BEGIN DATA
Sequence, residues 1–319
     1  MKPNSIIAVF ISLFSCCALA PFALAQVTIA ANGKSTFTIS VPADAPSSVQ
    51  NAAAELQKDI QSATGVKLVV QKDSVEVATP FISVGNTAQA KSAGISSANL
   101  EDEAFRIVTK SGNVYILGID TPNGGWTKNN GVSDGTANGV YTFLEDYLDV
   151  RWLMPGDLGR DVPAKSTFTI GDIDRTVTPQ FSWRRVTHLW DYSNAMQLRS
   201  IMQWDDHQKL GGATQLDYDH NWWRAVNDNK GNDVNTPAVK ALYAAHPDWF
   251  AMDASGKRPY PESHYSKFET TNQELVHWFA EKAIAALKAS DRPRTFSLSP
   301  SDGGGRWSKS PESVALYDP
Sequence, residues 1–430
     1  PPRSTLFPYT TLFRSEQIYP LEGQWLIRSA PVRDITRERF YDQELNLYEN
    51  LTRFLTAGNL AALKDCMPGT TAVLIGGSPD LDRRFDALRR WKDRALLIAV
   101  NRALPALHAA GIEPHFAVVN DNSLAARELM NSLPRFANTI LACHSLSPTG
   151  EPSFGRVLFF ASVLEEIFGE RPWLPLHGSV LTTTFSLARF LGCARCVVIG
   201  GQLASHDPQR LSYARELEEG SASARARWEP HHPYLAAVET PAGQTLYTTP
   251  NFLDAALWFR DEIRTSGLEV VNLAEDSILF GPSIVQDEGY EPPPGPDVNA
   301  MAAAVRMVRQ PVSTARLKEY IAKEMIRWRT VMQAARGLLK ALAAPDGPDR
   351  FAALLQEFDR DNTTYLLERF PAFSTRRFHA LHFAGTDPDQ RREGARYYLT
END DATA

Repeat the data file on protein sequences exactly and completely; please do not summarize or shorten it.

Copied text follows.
Sequence, residues 1–319
     1  MKPNSIIAVF ISLFSCCALA PFALAQVTIA ANGKSTFTIS VPADAPSSVQ
    51  NAAAELQKDI QSATGVKLVV QKDSVEVATP FISVGNTAQA KSAGISSANL
   101  EDEAFRIVTK SGNVYILGID TPNGGWTKNN GVSDGTANGV YTFLEDYLDV
   151  RWLMPGDLGR DVPAKSTFTI GDIDRTVTPQ FSWRRVTHLW DYSNAMQLRS
   201  IMQWDDHQKL GGATQLDYDH NWWRAVNDNK GNDVNTPAVK ALYAAHPDWF
   251  AMDASGKRPY PESHYSKFET TNQELVHWFA EKAIAALKAS DRPRTFSLSP
   301  SDGGGRWSKS PESVALYDP
Sequence, residues 1–430
     1  PPRSTLFPYT TLFRSEQIYP LEGQWLIRSA PVRDITRERF YDQELNLYEN
    51  LTRFLTAGNL AALKDCMPGT TAVLIGGSPD LDRRFDALRR WKDRALLIAV
   101  NRALPALHAA GIEPHFAVVN DNSLAARELM NSLPRFANTI LACHSLSPTG
   151  EPSFGRVLFF ASVLEEIFGE RPWLPLHGSV LTTTFSLARF LGCARCVVIG
   201  GQLASHDPQR LSYARELEEG SASARARWEP HHPYLAAVET PAGQTLYTTP
   251  NFLDAALWFR DEIRTSGLEV VNLAEDSILF GPSIVQDEGY EPPPGPDVNA
   301  MAAAVRMVRQ PVSTARLKEY IAKEMIRWRT VMQAARGLLK ALAAPDGPDR
   351  FAALLQEFDR DNTTYLLERF PAFSTRRFHA LHFAGTDPDQ RREGARYYLT